Contemporary Polish Art – Anna Szotek
Below – “Kingfisher”; “dreaming”; “old woman”; “The Swing.”
“Youth Sings a Song of Rosebuds”
By Countee Cullen
Since men grow diffident at last,
And care no whit at all,
If spring be come, or the fall be past,
Or how the cool rains fall,
I come to no flower but I pluck,
I raise no cup but I sip,
For a mouth is the best of sweets to suck;
The oldest wine’s on the lip.
If I grow old in a year or two,
And come to the querulous song
Of ‘Alack and aday’ and ‘This was true,
And that, when I was young,’
I must have sweets to remember by,
Some blossom saved from the mire,
Some death-rebellious ember I
Can fan into a fire.
Below – Fiona Jack: “Rose Bud”
Contemporary Italian Art – Donatella Marraoni
Below – “red love…poppies II”; “there are hugs that make the difference”; “Let me think”; “Barbed wire…And poppies”; “Poppies…in love”; “portrait II woman.”
Some quotes from the work of Voltaire:
‘In general, the art of government consists of taking as much money as possible from one class of citizens to give to another.”
“It is dangerous to be right in matters where established men are wrong.”
“The more often a stupidity is repeated, the more it gets the appearance of wisdom.”
“Anyone who has the power to make you believe absurdities has the power to make you commit injustices.”
“If you want to know who controls you, look at who you are not allowed to criticize.”
“The mirror is a worthless invention. The only way to truly see yourself is in the reflection of someone else’s eyes.”
“It is difficult to free fools from the chains they revere.”
“The comfort of the rich depends upon an abundant supply of the poor.”
“The more a man knows, the less he talks.”
Below – A portrait of Voltaire by Nicolas de Largillière.
Below – “Seated woman with hat”; “Seated Woman II”; “Seated woman in sunlight”; “Nomen Nescio 2020”; “Boy.”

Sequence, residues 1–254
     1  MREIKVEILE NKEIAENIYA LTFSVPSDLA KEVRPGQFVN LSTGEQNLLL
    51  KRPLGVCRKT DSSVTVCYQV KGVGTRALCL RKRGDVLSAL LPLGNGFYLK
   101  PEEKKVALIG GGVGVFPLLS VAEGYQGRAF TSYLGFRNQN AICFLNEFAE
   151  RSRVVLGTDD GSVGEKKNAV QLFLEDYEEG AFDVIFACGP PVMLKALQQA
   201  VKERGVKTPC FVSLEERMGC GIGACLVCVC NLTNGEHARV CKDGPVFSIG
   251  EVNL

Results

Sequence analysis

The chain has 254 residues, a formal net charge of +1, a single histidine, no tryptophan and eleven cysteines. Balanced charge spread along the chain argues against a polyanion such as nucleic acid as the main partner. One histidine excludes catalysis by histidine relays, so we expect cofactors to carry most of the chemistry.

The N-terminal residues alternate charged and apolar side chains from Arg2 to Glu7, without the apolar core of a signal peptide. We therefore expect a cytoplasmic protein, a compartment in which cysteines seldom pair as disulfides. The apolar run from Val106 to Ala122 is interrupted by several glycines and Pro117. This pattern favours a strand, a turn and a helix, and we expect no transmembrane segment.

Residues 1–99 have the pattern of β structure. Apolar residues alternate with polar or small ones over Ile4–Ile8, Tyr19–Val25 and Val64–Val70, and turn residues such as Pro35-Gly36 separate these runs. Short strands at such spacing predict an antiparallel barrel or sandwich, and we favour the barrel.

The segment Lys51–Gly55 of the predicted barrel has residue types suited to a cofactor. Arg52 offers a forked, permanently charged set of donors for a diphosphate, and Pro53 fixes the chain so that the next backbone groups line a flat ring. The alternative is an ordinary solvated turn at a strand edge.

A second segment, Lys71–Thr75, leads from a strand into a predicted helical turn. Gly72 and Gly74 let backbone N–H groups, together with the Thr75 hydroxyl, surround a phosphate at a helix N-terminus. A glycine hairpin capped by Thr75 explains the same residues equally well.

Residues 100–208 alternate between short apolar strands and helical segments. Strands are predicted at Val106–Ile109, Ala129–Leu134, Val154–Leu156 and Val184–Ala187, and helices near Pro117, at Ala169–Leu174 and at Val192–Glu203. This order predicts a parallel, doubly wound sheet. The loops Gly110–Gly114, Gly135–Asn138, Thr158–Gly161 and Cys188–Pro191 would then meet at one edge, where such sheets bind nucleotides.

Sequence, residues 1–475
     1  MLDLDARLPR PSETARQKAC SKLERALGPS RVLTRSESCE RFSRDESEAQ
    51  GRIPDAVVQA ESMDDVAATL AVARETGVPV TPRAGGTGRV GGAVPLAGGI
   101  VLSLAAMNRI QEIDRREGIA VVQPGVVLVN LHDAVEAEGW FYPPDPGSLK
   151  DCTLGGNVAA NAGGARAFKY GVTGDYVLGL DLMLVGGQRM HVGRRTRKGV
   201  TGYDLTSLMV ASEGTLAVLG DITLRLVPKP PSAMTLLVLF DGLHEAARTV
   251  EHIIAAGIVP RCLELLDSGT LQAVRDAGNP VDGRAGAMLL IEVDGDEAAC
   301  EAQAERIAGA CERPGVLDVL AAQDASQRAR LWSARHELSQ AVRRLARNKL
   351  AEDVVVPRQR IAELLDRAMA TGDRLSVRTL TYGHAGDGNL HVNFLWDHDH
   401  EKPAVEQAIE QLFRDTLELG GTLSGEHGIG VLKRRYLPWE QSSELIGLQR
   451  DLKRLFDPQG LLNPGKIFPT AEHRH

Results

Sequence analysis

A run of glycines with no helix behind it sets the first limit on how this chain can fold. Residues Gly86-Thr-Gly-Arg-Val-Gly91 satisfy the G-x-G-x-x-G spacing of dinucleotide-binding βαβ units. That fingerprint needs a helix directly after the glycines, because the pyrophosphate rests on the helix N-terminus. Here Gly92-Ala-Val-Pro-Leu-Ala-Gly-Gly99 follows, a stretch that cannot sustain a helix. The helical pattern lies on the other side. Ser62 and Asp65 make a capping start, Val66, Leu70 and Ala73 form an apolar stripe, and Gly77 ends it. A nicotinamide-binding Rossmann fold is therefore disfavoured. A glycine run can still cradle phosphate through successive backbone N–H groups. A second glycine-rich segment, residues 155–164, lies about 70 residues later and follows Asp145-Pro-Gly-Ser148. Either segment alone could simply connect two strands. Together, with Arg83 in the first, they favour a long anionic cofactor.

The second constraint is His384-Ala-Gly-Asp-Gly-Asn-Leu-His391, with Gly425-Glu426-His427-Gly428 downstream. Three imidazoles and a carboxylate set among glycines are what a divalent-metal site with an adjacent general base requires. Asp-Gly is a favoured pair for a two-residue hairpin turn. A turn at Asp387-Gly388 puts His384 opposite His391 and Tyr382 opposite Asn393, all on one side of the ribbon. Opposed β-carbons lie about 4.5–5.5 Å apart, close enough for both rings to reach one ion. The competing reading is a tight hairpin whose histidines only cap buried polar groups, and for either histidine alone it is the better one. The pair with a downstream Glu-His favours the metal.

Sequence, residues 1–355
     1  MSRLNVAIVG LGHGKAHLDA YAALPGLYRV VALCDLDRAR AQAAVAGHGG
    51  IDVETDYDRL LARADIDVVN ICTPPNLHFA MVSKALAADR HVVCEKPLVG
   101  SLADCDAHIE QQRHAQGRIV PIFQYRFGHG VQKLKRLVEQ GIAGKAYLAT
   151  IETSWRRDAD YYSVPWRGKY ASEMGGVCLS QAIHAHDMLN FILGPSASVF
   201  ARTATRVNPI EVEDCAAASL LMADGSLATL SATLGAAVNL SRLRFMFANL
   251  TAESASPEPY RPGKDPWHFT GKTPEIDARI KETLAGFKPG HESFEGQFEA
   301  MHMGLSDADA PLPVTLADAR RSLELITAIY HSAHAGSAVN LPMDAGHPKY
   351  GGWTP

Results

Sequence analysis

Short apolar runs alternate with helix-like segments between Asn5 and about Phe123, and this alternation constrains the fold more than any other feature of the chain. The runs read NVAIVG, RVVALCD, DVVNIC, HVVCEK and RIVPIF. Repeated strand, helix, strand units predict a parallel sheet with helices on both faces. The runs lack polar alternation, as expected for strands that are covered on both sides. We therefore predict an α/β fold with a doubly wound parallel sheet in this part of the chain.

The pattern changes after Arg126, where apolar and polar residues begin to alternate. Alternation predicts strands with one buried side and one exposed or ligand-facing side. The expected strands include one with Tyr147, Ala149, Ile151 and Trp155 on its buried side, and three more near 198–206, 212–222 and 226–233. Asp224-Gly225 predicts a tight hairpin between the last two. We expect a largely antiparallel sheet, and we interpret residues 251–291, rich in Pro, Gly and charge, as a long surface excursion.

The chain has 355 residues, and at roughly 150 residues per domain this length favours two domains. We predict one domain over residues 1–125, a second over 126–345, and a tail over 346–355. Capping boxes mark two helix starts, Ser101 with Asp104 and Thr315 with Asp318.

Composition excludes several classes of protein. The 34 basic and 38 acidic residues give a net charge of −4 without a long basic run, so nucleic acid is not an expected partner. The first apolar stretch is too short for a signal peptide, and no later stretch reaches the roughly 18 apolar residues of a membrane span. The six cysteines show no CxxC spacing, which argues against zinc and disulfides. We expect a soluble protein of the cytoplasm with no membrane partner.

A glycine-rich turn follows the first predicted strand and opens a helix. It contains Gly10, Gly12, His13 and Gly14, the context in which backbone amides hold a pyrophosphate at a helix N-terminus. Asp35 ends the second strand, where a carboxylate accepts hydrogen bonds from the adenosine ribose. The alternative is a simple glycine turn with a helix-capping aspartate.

“The Hot Dog Factory (1937)”
by Grace Cavalieri
Of course now children take it for granted but once
we watched boxes on a conveyor belt, sliding by,
magically filled and closed, packed and wrapped.
We couldn’t get enough of it, running alongside the machine.
In kindergarten Miss Haynes walked our class down
Stuyvesant Avenue, then up Prospect Street
to the hot dog factory. Only the girls got to go
as the boys were too wild.
We stood in line, wiggling with excitement as the man
talked about how they made hot dogs, then he handed us
one, and Jan dropped hers, so I broke mine in half.
This was the happiest day of our lives,
children whose mothers didn’t drive, and had nowhere
to go but school and home, to be taken to that street
to watch the glittering steel and shining rubber belts moving,
moving meats, readymade. I wish I could talk with Jan,
recalling the miracle and thrill of the hot dog factory,
when she was alive, before it all stopped—
bright lights, glistening motors, spinning wheels.
Contemporary Italian Art – Liliana Cecchin
Below – “Red and blue ghosts”; “Freccia rossa al binary 10”; “The red bicycle”; “Turin Porta Nuova station”; “Ottogallery 3”; “Metro ora di punta.”
“Lifting My Daughter”
by Joseph Hutchinson
As I leave for work she holds out her arms, and I
bend to lift her . . . always heavier than I remember,
because in my mind she is still that seedling bough
I used to cradle in one elbow. Her hug is honest,
fierce, forgiving. I think of Oregon’s coastal pines,
wind-bent even on quiet days; they’ve grown in ways
the Pacific breeze has blown them all their lives.
And how will my daughter grow? Last night, I dreamed
of a mid-ocean gale, a howl among writhing waterspouts;
I don’t know what it meant, or if it’s still distant,
or already here. I know only how I hug my daughter,
my arms grown taut with the thought of that wind.